That Cookie Really Hurt My Back!

Backbone intervertebral disc anatomy lateral view

Thankfully these days there is more of an acknowledgement that certain food can cause contribute to health concerns.  On the tails of last week’s post, I wanted to write a follow up regarding the food we eat and how it impacts joint and muscle pain.

It’s easy to associate a traumatic event (ie. a fall, car accident, sports injury, etc.) to a musculoskeletal issue.  However, what we eat can also contribute to sore muscles or joints.  Also, it is a major influencer of chronic pain in cases of arthritis, fibromyalgia, lyme disease and other illnesses that include the symptom of muscle or joint pain.

Naturopathic nutrition is not locked into a certain construct.  We  look at food as a way to:

1) Fuel our body

2) Balance physiology and support our health

3) Prevent illness

4) Feel great

This is how we can use food as medicine.  There are two important questions I ask when reviewing the impact of nutrition on an individuals musculoskeletal issue:

1) Do the foods increase or decrease inflammation?

2) Do the foods increase or decrease acidity?

Inflammation is at the root of all pain.  Furthermore, too much acidity fuels inflammation.  In cases of joint or muscle pain, when these two elements are minimized, people feel so much better.  They have more pain free days, or resolve their pain all together!  This can be achieved through diet and without medication.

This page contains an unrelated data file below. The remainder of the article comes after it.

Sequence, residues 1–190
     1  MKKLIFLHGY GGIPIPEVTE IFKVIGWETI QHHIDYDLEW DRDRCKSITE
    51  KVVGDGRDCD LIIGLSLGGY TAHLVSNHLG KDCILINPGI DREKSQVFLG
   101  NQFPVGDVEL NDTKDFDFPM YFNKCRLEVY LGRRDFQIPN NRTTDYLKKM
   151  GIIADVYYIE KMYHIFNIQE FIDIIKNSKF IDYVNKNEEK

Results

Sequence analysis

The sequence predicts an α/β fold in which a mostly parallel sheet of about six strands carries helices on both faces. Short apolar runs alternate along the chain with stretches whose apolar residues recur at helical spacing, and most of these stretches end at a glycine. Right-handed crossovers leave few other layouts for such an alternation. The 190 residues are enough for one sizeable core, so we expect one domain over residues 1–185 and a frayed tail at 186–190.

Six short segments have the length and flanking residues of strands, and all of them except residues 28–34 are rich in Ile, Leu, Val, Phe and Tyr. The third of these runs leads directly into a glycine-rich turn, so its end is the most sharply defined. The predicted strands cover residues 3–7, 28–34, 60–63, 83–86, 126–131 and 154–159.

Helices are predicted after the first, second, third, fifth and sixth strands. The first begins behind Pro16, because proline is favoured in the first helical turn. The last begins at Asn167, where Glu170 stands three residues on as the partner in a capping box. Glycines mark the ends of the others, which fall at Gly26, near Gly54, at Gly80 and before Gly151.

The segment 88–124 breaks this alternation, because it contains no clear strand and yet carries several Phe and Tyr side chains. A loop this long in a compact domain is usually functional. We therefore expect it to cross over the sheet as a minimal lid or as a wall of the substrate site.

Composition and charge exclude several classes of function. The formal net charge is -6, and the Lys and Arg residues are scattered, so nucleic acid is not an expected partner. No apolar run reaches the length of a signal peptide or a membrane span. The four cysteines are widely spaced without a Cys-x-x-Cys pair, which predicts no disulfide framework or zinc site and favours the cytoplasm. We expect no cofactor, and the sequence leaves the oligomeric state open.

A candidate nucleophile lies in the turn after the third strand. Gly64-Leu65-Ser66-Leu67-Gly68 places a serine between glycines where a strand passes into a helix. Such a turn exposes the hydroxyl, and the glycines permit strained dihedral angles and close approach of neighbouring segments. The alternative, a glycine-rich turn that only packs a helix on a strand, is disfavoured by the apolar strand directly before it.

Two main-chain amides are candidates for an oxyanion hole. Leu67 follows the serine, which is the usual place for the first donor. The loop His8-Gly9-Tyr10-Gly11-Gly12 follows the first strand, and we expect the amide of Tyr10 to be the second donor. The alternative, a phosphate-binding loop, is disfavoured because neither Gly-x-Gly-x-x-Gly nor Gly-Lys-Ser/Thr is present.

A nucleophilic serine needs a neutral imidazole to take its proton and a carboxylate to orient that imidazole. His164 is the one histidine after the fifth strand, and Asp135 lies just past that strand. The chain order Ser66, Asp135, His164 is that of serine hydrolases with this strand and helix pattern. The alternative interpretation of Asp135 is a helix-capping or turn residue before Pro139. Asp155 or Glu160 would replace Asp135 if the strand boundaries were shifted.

Pro Inflammatory Foods include: Wheat (and gluten containing grains), dairy (milk, yogurt, cheese), sugar, red meat, potato (white and sweet), peanuts, tomato products (sauce, V8, canned tomato), processed food, hydrogenated oils (margarine, oils in packaged food), alcohol, coffee.

Anti Inflammatory Foods include: Vegetables, fruit, lean protein (chicken, turkey, fish), gluten free grains (brown rice, quinoa, millet, buckwheat), healthy oils (flax, fish), raw nuts and seeds, water, herbal tea, green tea.

Many people feel they eat mainly from the anti-inflammatory list but still struggle with pain.  In these cases I go further with them and evaluate their acidity levels and if they have a good balance of the different families of anti-inflammatory foods.  For example, eating the same thing all the time, even if it is an anti-inflammatory food, could create an issue.  We need to factor in variety, balance and quantity of each family of food.

If you are looking for individualized and therapeutic nutrition guidance, or if you have any questions about the information in today’s post, feel free to contact me anytime at drlaura@winhealth.ca.

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